Mouth taping is a popular home treatment that helps prevent mouth breathing while you sleep. But is it true? Dr. Stephen Grant at the MercyOne Clive Sleep Center explains everything you need to know about mouth taping.

What is mouth taping?

Mouth taping is a practice where you tape your mouth shut while you sleep to ensure they are breathing out of your nose. Mouth breathing is associated with negative side effects like dry mouth, bad breath and dental issues. Mouth tapers hope to avoid these issues by forcing themselves to breathe through their nose at night.

“In one respect, nasal breathing is preferred to mouth breathing,” says Dr. Grant. “Breathing through your nostrils allows air to be warmed, humidified and to some degree, filtered before it goes to your lungs.”

People say when they breathe through their nose, they have fewer complaints of dry mouth and bad breath.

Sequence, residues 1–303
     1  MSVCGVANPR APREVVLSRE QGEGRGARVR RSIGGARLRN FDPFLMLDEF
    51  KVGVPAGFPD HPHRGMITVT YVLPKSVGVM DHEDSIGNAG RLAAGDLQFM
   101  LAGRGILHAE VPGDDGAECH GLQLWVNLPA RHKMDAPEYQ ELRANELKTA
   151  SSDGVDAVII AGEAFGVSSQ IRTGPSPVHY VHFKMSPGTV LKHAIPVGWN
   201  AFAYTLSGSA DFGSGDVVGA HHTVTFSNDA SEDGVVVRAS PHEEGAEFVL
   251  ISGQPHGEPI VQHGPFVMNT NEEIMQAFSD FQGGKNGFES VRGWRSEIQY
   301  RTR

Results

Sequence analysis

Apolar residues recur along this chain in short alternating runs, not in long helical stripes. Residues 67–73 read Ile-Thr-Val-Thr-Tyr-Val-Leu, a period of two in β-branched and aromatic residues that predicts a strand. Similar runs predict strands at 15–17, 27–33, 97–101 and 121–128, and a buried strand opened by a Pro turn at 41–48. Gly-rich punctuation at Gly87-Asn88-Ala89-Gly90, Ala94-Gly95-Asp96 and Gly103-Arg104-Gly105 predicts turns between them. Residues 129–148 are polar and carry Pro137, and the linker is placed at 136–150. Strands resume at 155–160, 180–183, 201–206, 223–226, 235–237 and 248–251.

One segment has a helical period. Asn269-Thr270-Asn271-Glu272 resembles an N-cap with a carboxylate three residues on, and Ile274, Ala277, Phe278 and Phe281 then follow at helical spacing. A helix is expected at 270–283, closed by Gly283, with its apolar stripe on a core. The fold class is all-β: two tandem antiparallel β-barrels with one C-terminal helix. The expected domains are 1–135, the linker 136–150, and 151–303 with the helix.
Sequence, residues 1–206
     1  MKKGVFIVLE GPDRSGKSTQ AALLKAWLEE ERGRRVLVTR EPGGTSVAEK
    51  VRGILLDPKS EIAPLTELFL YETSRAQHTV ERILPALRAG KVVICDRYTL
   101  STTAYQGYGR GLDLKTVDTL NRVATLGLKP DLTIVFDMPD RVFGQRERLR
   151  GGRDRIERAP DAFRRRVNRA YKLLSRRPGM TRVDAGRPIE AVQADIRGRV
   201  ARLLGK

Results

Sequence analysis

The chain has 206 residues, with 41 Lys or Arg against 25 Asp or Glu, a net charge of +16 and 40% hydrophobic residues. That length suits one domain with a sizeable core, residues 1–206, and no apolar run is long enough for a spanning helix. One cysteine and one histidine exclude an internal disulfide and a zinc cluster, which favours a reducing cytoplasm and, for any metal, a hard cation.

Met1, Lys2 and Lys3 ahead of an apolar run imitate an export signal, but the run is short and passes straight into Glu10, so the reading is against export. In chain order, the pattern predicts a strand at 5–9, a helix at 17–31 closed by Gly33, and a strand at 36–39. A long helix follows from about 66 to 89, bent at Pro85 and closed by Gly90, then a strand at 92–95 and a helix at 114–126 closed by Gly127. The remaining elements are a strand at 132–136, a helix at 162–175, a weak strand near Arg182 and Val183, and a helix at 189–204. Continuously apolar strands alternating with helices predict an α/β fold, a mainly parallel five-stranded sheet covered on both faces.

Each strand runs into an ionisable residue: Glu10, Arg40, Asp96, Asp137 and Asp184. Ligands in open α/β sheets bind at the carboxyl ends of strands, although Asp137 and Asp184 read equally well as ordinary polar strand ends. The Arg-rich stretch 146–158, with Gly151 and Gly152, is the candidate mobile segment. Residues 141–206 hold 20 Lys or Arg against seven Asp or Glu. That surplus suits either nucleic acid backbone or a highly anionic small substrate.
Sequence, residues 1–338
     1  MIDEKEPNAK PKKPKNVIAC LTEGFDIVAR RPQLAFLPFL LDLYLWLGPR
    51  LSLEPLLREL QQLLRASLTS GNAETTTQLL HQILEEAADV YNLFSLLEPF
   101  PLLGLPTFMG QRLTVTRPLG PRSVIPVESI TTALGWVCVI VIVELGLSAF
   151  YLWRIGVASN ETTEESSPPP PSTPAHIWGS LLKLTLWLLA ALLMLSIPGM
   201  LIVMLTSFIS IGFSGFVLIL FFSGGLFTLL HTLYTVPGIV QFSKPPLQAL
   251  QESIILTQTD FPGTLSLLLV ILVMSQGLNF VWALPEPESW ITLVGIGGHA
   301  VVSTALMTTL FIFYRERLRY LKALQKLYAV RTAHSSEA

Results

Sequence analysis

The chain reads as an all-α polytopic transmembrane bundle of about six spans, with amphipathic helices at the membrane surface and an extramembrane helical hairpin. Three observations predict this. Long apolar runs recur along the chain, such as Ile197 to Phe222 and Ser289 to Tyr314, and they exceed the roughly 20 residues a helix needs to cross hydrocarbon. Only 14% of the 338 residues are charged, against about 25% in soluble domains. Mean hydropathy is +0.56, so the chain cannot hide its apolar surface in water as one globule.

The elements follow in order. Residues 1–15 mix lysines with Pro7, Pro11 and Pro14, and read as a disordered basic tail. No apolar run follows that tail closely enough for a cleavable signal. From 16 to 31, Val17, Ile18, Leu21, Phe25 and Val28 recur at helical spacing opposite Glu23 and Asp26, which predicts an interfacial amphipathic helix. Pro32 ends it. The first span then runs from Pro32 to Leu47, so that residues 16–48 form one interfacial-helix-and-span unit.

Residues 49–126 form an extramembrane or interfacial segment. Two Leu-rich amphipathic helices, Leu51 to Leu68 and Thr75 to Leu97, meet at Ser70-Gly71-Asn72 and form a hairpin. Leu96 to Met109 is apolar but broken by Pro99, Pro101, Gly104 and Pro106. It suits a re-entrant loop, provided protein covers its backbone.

Does mouth taping help snoring?

Mouth taping does not prevent snoring. Snoring can be attributed to conditions like sleep apnea and is not impacted by nasal or mouth breathing.

 “If you want to try mouth taping, I suggest ensuring there is no likelihood for possible sleep apnea,” says Dr. Grant. “If you have sleep apnea, you need to breathe through your mouth to ‘rescue’ yourself. Taping your mouth can be problematic.”

Children and teenagers also mouth breathe if they have enlarged tonsils or adenoids.

“Some people need to breathe through their mouth because they cannot breathe correctly through their nostrils,” says Dr. Grant.

Other side effects of mouth taping include skin irritation around the mouth with use over time, and the practice may be uncomfortable.

“Clinically, I have not seen people that tape their mouth shut feel better from this technique over time,” says Dr. Grant. “The risk can outweigh the benefits.”

Alternatives to mouth taping

If you want to avoid mouth breathing without the tape, here are a few alternative measures:

  • Avoid sleeping on your back
  • Sleep at an angle
  • Practice breathing through your nose
  • Talk to your doctor about potential congestion or allergies

Before trying mouth taping, talk to your provider or dentist about if it is safe for you. 

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